• It costs the State of Maryland $86,000 per year to house a juvenile detainee.[ii]

Pretty grim situation, isn’t it. So what do we do with this information? The film drives home the point that Washington is in no way capable of true leadership on this issues – there are too many financial incentives and electioneering pitfalls to look the other way. The only way this ship is going to turn around is citizen activism, plain and simple.

The positive news is that in 2012, citizen activism is easier than ever. There are a number of ways that folks can get involved, and you can start with looking at The House I Live In website. Other organizations:

The House I Live In, in combination with Waiting for “Superman” (another excellent, albeit controversial, documentary about pervasive challenges with public education in the U.S.), present a picture of the structural race-based and class-based discrimination affecting this country in aching detail. Hopefully, these films also raise the profile of those championing to make a change in society, and in turn, spark a nation-wide movement to reform the American criminal justice and education systems.

Honest Abe on the Big Screen

29 Nov

My inner history nerd was out in full force last night when I watched Lincoln, Steven Spielberg’s artful new film about the last few months of Abraham Lincoln’s life. It took me right back to my undergrad years, when I was majoring in US history, convinced that I was going to do a PhD in American civil rights movements in mid-twentieth century. Fastforward 10 years – the PhD part is true, but that’s where the parallels end.

I had mixed expectations going into the film. The trailer had me a tad underwhelmed, and I really couldn’t imagine how a movie that seemed steeped in rhetoric was going to keep up a strong pace for several hours (Spielberg? Less than two hours? Not a chance).

Not only did the movie far surpass all my expectations, I left feeling as though somehow, I was privy to a special, rarified side of American history. Granted, the movie is probably filled with historical inaccuracies For example, an NU professor, Kate Masur took to the NY Times Op-Ed page to decry the filmmakers crucial emission of African Americans’ role in ending slavery.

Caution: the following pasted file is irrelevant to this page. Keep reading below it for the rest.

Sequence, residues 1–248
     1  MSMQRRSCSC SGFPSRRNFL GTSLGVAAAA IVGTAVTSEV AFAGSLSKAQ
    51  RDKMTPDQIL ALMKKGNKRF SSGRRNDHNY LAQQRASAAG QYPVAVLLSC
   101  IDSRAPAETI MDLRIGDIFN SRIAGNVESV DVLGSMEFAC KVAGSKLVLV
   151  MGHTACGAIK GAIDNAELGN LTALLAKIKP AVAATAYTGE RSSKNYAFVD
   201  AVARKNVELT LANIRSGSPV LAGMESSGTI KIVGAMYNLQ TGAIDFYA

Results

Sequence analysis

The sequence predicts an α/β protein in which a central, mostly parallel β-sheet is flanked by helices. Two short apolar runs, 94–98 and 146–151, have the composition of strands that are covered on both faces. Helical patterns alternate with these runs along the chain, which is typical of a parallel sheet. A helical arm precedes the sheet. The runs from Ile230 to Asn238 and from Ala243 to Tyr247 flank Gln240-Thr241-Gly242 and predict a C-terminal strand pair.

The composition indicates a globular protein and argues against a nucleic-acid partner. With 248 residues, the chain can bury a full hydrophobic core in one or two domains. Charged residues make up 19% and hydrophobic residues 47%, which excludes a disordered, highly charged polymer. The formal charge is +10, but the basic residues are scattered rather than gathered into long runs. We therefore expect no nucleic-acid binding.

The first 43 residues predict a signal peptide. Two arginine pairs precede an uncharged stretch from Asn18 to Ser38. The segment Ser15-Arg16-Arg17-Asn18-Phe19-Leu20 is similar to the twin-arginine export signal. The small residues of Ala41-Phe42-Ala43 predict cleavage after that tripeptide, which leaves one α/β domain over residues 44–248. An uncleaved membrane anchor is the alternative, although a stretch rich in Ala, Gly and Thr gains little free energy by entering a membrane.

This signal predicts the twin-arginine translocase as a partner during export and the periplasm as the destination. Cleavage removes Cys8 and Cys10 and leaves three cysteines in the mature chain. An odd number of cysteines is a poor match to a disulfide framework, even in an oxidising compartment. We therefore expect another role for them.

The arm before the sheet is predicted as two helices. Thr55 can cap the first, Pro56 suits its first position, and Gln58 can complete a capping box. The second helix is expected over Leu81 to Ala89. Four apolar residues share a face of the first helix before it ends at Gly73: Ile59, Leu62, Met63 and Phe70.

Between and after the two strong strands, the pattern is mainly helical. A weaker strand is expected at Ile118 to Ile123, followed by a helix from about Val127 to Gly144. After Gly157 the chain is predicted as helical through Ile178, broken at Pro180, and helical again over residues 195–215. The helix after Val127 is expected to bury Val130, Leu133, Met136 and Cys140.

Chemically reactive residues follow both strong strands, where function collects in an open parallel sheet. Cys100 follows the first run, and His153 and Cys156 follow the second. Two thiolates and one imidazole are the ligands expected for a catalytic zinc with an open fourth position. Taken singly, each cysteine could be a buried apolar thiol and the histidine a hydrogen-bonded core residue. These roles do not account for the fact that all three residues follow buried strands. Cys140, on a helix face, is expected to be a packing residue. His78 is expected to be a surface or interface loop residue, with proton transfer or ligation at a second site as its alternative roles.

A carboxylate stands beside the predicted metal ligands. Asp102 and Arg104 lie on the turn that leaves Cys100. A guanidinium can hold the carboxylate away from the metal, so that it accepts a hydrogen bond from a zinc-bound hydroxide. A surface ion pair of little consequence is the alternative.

Despite all this, the film was arresting. With this performance, Daniel Day-Lewis has cemented his place as one of the finest actors to ever grace this planet. I was a little nervous about ‘the voice’ after watching the trailer, but his acting was so powerful that I came away feeling sad about the assassination of a president who has been gone for 150 years. The supporting cast is just terrific, particularly David Strathairn has Secretary of State William Seward. The costumes, sets and cinematography are bathed in authenticity. Many of the actors even look strikingly similar to their characters – see here for more on this.

The release of this film following the 2012 Presidential Election is poignant. Listening to the main players of the day debate about whether African Americans could ‘handle’ freedom, throws into sharp relief the fact that the current occupants of the White House are black. It underscores a point that politics aside, Obama’s presidency is a milestone in the history of race in this country.

But more interestingly to me was the dynamic between the parties – the more liberal Republican party and the stiffly conservative Democrats (oh how the tables have turned). The debates in the House of Representatives recalled a brutal, yet humorous rhetorical style, in many ways similar to what we see in today’s Congress (minus the humor). I wonder if folks will look back on the discourse taking place regarding same-sex marriage and wonder, wow those guys really didn’t get.

No doubt Oscar buzz will drive more people to see the movie in the coming months – but would suggest you guys get a head start and watch this film ASAP.

Brad Pitt’s new commercial – whaaa?

5 Nov

If you haven’t already seen Brad Pitt’s (insert your own adjective for crazy here) new commercial, I urge you – please visit this link. It will be the best thing you do all day 🙂

Obviously, this ad is ripe for ridicule. Of all the spoofs I’ve seen, this one hands down wins –

Oh Brad, what you won’t do to donate your money to charity 🙂